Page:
But the crowds were aware of this and followed Him; and welcoming them, He began speaking to them about the kingdom of God and curing those who had need of healing. Now the day was ending, and the twelve came and said to Him, "Send the crowd away, that they may go into the surrounding villages and countryside and find lodging and get something to eat; for here we are in a desolate place." But He said to them, "You give them something to eat!" And they said, "We have no more than five loaves and two fish, unless perhaps we go and buy food for all these people." (For there were about five thousand men.) And He said to His disciples, "Have them sit down to eat in groups of about fifty each." They did so, and had them all sit down. Then He took the five loaves and the two fish, and looking up to heaven, He blessed them, and broke them, and kept giving them to the disciples to set before the people. And they all ate and were satisfied; and the broken pieces which they had left over were picked up, twelve baskets full.

(Luke 9:11-17 NASB)

This event is rather unusual. As you might imagine, events which appear in all four Gospels are considered very important. The Crucifixion, the Resurrection – these appear in all four. But (for example) the story of the birth of Jesus does not. This event is in all four Gospels; it therefore must be important. In fact, I submit that it is (among other things) an excellent picture of how the church is to grow. We shall look in on it.

The Disciples

One thing the disciples are sure of: they can’t feed these people. They are also sure that it is SEP – Somebody Else’s Problem. We can do nothing, so send these folks away to get something to eat.

Do you not see that they are thinking in precisely the same fashion as the world? They are sure of the answer; they think they know what can and can’t be done. But I submit the question to you: just how good are you at predicting the future? Especially when you think it can’t be done, you are very often wrong. You may be right about the fact that it won’t be done, but it is foolish to neglect the Living God in your calculations.

The real difficulty is this: the disciples do not believe that God will act. They assume he will do nothing. This prevents them from seeing the solution, or from trying it. The same is true today. We often make our plans without God, and then (as an afterthought) ask him to bless them. It just doesn’t work that way. So how does it work?

Numbers big, groups small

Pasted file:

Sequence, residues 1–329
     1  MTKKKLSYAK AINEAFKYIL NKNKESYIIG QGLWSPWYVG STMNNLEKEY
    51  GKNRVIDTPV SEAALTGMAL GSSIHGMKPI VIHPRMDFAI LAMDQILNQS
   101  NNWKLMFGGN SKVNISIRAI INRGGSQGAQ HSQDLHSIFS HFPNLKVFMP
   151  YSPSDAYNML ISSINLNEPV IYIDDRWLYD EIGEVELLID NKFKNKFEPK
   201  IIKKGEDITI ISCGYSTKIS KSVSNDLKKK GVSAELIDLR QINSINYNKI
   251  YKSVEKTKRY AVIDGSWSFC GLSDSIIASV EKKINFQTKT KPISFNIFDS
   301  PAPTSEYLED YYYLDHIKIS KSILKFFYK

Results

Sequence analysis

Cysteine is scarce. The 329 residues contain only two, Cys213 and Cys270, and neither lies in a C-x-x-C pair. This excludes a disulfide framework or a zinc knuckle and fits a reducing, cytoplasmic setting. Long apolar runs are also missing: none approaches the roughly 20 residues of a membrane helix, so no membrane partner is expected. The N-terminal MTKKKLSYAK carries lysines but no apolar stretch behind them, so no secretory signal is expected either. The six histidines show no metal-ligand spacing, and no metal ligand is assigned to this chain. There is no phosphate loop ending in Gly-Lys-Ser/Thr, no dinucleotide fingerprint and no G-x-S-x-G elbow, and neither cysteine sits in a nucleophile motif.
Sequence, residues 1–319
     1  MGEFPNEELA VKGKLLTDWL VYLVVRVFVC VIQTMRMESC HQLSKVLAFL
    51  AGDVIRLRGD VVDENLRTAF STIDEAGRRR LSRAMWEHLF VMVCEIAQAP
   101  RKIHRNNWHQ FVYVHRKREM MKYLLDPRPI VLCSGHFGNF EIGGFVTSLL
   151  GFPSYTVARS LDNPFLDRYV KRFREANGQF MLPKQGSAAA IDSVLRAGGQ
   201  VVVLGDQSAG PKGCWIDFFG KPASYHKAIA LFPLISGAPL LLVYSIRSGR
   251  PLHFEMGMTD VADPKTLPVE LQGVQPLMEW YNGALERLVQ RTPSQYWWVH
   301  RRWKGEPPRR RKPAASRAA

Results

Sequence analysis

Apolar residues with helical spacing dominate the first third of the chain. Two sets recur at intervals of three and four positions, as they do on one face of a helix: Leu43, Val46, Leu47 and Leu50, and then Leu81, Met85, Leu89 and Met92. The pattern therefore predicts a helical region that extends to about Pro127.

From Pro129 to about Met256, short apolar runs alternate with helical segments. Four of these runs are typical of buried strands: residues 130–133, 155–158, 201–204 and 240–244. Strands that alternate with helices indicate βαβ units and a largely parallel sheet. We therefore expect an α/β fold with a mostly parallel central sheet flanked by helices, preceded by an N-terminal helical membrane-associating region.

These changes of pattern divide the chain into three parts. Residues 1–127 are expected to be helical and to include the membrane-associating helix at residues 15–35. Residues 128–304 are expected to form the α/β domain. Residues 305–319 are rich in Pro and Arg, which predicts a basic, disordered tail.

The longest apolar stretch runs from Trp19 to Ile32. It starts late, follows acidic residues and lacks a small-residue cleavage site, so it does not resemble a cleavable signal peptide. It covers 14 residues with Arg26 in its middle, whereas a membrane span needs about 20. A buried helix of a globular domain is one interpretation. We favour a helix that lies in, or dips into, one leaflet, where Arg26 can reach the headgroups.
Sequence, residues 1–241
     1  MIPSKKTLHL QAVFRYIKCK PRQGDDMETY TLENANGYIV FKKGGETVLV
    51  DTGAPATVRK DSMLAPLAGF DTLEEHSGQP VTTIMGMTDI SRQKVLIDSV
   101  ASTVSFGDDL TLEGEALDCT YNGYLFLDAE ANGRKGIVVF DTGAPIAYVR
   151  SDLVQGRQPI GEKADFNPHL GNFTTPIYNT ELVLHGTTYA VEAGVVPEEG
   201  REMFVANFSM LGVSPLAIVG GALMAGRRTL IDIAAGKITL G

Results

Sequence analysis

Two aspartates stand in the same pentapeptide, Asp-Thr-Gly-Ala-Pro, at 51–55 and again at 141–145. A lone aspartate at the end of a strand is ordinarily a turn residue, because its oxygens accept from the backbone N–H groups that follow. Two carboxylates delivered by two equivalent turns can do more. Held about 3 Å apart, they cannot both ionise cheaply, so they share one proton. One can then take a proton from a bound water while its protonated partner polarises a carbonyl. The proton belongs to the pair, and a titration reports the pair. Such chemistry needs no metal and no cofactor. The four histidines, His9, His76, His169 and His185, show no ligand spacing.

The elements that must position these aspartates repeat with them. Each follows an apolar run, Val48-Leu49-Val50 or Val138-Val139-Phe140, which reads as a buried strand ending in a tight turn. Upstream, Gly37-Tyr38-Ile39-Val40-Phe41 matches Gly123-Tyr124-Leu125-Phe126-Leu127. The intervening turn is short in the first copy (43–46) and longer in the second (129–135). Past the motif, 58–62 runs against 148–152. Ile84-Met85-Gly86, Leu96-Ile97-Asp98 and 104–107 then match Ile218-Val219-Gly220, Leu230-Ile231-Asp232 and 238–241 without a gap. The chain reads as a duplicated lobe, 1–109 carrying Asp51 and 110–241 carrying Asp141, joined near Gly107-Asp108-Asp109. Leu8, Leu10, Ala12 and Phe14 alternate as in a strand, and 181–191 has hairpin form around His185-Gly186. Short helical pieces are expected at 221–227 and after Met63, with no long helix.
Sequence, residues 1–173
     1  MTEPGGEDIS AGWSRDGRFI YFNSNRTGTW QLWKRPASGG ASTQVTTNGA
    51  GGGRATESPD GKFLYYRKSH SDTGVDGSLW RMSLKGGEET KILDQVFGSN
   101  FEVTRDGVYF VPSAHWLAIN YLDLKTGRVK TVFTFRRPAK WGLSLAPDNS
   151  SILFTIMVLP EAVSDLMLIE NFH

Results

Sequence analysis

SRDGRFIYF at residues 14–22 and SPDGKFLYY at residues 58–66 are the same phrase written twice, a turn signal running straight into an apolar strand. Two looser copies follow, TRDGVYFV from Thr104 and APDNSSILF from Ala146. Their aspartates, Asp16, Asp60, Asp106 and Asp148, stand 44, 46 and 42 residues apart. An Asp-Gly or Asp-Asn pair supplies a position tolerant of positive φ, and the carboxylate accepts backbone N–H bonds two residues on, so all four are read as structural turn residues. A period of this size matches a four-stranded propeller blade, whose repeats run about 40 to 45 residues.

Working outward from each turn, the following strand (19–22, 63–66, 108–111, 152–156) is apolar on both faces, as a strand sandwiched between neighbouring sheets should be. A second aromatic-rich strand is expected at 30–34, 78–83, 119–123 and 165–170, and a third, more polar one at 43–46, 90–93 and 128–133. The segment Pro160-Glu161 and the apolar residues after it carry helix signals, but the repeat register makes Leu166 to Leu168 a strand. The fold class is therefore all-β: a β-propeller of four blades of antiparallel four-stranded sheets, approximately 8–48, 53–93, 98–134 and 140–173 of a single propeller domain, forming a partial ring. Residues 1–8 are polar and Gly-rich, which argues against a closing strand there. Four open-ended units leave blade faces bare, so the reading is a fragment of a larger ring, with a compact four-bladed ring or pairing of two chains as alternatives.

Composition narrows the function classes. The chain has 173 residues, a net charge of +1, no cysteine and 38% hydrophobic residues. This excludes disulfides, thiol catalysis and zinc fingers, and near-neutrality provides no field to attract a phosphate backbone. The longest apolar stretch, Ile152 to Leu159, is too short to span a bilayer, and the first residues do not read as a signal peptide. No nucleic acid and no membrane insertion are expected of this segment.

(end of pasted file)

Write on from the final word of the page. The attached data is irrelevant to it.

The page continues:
Let’s go back to “goal conflicted.” God has a solution to this:

  • In speaking to the world, the evangelist speaks to as many people as possible at one time. The Gospel is too precious to be kept silent.
  • But in teaching the people how to live, the disciple is to work in a smaller group.

This keeps the evangelist humble, knowing that long term results must come from the hundreds of small group leaders. The small group leader, however, gets to hear a consistent and sound message. Of interest to many is this: the small group leader typically does not see a lot of growth in the kingdom. His group tends to stay about the same size; that’s the size he can handle. It’s just that God keeps forming new small groups.


In John’s Gospel, he quotes Jesus as telling the disciples to gather the leftovers “so that nothing will be wasted.” It is a sign that God wants no one forgotten, no one left behind. More to the point, the leftovers are now ready for the next meal.

How is this? Remember that God sends forth his word – and it does not “return unto him void.” It accomplishes its purpose. The same can be seen in the food here – the fact that you have leftovers means that all have been fed. These leftovers are the sign of the completeness of God’s word.

Who Do You Say I Am?

Is this about church growth? You bet.

And it happened that while He was praying alone, the disciples were with Him, and He questioned them, saying, "Who do the people say that I am?" They answered and said, "John the Baptist, and others say Elijah; but others, that one of the prophets of old has risen again." And He said to them, "But who do you say that I am?" And Peter answered and said, "The Christ of God." But He warned them and instructed them not to tell this to anyone, saying, "The Son of Man must suffer many things and be rejected by the elders and chief priests and scribes, and be killed and be raised up on the third day."

(Luke 9:18-22 NASB)

The world’s reaction to Jesus Christ comes in a variety of flavors. Two are given here; the first being that he’s another preacher like John the Baptist – no miracles, but a great preacher. Others saw him in the miraculous, like the prophets of the Old Testament. That’s the world’s view – he’s a great guy who can safely be ignored.